During bonding, we will first apply a solution to the area of the tooth that is going to receive the bonding resin. This solution will roughen the surface, making it easier for the resin to stick. The solution is rinsed off and the tooth is dried. Next, we will choose the proper shade of resin to match your tooth.
From there, we will apply the resin to the tooth and shape and trim it. Once it’s properly shaped we will harden it to the tooth using a dental light. After a good polish, your smile is ready to go.
If you are looking for a simple way to improve the shape or length of your smile in Scarsdale, NY, then you’ve come to the right place. Our team here at The Scarsdale Dentist has the right cosmetic treatment to give you the smile you want. Call us today to find out if bonding is right for you.
The March 27th game started off pretty well for NBA star Kevin Love. His team, the Cleveland Cavaliers, were coming off a 5-game winning streak as they faced the Miami Heat that night. Less than two minutes into the contest, Love charged in for a shot on Heat center Jordan Mickey—but instead of a basket, he got an elbow in the face that sent him to the floor (and out of the game) with an injury to his mouth.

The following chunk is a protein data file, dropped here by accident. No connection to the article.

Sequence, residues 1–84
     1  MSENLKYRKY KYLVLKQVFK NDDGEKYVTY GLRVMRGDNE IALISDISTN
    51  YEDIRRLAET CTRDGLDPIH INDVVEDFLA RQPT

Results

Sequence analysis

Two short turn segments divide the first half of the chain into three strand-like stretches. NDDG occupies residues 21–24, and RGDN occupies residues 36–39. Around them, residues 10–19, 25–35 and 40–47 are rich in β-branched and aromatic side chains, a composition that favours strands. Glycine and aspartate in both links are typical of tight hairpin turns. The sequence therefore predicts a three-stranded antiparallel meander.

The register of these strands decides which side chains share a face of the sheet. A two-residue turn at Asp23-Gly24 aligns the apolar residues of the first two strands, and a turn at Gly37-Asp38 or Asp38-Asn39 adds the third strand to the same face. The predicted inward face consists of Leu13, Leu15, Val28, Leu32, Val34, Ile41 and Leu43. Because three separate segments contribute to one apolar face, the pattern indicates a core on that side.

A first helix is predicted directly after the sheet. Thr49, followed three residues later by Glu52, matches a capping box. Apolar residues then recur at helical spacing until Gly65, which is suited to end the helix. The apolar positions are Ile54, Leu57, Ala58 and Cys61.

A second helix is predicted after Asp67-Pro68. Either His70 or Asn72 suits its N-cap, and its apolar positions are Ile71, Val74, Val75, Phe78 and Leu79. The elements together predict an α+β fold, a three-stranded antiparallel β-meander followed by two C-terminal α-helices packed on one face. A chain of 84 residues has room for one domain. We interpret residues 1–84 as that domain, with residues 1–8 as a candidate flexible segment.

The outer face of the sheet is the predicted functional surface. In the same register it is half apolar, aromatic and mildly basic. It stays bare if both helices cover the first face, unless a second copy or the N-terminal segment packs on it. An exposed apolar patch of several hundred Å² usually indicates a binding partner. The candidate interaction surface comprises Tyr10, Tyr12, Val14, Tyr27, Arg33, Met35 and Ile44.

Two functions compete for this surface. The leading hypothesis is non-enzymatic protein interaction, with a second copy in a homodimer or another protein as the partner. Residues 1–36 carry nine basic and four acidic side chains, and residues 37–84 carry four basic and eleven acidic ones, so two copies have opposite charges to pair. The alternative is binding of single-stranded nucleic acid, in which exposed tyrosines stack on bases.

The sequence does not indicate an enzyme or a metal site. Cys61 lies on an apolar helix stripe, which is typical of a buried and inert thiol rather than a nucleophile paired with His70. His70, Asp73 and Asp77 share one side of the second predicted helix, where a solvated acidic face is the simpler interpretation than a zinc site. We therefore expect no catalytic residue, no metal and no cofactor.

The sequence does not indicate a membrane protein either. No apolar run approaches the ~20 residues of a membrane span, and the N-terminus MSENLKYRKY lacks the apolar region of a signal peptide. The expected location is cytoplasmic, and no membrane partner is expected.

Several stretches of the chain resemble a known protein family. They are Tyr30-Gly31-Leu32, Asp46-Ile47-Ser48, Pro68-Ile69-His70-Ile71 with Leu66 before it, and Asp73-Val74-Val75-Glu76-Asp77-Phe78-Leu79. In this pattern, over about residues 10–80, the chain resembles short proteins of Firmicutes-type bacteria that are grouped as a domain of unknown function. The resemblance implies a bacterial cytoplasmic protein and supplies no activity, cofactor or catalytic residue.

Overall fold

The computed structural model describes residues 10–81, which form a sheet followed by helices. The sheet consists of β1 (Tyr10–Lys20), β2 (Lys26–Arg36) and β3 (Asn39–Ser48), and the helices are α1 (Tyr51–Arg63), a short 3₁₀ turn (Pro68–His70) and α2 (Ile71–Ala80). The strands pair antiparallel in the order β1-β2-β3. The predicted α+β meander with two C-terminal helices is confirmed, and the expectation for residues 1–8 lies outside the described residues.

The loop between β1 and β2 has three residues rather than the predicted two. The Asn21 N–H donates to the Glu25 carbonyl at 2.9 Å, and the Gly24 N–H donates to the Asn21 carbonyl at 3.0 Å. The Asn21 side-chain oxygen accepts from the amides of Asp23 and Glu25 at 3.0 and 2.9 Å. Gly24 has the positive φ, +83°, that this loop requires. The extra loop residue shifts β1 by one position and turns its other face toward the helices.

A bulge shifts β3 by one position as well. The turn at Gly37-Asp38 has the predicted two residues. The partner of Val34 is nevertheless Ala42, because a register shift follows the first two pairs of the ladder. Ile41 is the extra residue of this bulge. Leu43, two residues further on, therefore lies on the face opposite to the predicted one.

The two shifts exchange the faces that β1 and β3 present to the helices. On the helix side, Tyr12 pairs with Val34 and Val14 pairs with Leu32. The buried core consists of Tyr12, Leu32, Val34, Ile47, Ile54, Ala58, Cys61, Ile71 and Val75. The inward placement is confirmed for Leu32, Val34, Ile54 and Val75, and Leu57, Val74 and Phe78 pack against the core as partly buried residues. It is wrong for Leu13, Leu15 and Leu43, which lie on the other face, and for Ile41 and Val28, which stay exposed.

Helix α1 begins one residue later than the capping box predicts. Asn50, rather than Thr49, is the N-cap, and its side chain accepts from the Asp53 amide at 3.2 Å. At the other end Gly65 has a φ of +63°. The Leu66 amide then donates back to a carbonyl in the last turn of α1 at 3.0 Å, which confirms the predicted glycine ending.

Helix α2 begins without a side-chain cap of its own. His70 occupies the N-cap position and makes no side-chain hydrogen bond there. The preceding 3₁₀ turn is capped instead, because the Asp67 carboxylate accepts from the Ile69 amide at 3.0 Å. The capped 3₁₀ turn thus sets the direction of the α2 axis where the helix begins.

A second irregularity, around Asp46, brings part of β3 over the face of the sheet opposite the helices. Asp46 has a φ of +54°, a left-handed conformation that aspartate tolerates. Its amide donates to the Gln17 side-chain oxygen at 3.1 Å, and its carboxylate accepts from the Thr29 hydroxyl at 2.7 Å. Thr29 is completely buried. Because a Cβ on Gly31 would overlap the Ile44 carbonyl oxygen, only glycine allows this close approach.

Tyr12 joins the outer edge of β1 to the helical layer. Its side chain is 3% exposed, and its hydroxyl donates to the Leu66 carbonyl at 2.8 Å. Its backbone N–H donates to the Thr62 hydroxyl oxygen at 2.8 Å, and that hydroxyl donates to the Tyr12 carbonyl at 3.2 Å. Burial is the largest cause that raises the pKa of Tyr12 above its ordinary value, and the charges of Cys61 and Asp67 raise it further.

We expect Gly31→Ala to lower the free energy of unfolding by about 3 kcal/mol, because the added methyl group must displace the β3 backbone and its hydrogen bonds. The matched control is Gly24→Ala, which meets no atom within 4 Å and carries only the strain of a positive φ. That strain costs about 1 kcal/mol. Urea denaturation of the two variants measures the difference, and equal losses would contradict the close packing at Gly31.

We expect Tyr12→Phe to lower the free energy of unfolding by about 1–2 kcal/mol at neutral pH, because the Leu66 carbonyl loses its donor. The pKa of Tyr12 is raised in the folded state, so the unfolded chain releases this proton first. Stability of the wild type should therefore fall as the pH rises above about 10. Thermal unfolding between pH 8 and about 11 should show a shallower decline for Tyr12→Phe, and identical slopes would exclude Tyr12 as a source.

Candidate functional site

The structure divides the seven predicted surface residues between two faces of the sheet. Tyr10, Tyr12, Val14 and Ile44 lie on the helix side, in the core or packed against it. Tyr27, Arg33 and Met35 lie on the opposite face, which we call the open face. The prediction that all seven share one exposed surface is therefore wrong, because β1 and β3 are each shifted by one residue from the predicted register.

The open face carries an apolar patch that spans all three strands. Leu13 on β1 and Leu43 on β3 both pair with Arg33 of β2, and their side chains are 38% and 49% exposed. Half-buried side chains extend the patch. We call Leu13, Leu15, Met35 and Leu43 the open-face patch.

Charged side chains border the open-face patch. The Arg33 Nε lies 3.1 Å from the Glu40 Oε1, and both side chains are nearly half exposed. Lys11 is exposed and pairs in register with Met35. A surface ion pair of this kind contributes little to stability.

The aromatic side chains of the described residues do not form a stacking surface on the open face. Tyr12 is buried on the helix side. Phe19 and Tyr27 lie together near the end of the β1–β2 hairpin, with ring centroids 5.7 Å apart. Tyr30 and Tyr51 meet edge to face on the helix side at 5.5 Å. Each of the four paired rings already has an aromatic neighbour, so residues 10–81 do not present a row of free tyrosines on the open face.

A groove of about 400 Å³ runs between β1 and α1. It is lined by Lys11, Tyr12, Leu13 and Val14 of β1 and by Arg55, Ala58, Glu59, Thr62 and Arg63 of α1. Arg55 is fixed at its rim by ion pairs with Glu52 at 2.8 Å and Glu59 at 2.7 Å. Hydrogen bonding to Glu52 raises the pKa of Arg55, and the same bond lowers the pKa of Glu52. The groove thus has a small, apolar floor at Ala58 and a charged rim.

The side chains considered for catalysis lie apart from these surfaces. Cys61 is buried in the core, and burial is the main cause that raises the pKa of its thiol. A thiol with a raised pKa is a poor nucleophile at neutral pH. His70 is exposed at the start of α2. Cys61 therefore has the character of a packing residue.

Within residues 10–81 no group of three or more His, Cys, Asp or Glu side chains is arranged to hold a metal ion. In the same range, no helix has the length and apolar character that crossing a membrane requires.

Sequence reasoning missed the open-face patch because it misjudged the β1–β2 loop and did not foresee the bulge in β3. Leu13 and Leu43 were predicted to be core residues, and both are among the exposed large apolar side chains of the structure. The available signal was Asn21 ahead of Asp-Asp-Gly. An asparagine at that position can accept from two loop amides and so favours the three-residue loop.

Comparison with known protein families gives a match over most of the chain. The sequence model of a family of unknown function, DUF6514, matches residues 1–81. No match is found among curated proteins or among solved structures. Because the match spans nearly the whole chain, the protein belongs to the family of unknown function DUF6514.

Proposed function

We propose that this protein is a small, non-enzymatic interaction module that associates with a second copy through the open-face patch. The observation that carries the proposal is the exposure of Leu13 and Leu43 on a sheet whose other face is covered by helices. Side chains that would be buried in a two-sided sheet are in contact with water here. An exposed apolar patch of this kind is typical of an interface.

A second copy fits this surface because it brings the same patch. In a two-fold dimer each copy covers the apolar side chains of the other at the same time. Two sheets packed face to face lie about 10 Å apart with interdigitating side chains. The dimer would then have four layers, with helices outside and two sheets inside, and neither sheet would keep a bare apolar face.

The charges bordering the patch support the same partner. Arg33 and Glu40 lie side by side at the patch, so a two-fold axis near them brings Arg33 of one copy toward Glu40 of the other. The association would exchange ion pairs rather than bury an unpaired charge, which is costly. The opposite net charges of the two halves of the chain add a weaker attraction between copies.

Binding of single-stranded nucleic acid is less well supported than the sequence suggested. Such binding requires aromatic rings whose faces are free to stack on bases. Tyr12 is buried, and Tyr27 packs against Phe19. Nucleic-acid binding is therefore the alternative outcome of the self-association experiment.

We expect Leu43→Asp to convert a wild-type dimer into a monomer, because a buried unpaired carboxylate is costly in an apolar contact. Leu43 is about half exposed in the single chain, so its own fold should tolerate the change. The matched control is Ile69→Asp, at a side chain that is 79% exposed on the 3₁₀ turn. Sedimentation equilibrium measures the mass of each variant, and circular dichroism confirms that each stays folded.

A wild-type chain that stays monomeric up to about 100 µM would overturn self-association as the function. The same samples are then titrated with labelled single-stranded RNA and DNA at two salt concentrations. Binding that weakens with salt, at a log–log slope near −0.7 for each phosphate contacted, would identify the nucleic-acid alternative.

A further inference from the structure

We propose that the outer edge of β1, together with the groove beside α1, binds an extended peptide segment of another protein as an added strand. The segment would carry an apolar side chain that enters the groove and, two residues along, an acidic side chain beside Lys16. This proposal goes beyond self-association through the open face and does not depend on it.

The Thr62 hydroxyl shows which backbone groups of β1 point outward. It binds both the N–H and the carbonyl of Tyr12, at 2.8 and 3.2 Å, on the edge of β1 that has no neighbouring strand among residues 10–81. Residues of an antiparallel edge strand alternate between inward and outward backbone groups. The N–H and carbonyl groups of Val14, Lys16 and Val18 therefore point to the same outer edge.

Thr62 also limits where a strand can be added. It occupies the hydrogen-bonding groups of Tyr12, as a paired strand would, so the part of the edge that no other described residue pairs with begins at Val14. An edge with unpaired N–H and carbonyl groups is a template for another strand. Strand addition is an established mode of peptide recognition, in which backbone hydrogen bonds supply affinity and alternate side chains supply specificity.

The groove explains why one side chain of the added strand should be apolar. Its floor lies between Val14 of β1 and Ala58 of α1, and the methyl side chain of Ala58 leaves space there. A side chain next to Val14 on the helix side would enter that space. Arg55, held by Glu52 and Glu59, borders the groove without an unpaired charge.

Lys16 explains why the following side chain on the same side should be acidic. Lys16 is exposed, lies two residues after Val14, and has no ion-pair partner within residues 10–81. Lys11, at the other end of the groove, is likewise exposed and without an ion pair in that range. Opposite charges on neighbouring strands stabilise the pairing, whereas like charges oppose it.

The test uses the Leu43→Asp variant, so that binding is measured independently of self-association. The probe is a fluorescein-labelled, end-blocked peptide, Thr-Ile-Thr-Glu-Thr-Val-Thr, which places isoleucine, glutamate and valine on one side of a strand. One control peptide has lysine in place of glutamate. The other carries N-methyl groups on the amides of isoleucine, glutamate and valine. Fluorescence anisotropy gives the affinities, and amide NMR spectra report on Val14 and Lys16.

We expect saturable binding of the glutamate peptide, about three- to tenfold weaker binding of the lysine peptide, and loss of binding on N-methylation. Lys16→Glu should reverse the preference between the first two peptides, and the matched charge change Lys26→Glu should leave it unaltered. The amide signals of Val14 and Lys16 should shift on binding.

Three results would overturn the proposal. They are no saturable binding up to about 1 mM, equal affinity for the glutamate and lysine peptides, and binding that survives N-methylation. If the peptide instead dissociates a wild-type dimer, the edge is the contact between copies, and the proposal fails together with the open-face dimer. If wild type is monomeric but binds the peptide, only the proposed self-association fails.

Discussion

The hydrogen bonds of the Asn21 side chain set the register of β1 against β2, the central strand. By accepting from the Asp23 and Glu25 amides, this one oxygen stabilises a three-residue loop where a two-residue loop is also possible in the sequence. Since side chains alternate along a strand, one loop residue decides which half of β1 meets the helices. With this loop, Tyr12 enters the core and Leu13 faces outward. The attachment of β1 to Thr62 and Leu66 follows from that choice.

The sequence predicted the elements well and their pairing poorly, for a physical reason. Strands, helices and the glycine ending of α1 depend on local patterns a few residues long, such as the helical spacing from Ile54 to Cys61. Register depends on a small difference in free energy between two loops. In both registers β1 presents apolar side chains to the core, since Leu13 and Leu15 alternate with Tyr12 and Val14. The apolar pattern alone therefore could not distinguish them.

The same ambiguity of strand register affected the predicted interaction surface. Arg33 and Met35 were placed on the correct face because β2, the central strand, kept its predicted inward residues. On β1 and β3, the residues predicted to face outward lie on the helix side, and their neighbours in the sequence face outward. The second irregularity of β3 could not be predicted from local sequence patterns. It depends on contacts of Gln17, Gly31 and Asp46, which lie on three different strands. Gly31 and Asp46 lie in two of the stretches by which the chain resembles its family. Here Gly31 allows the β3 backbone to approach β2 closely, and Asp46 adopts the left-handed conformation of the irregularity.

In pictures from the aftermath, Love’s front tooth seemed clearly out of position. According to the Cavs’ official statement, “Love suffered a front tooth subluxation.” But what exactly does that mean, and how serious is his injury?
The dental term “subluxation” refers to one specific type of luxation injury—a situation where a tooth has become loosened or displaced from its proper location. A subluxation is an injury to tooth-supporting structures such as the periodontal ligament: a stretchy network of fibrous tissue that keeps the tooth in its socket. The affected tooth becomes abnormally loose, but as long as the nerves inside the tooth and the underlying bone have not been damaged, it generally has a favorable prognosis.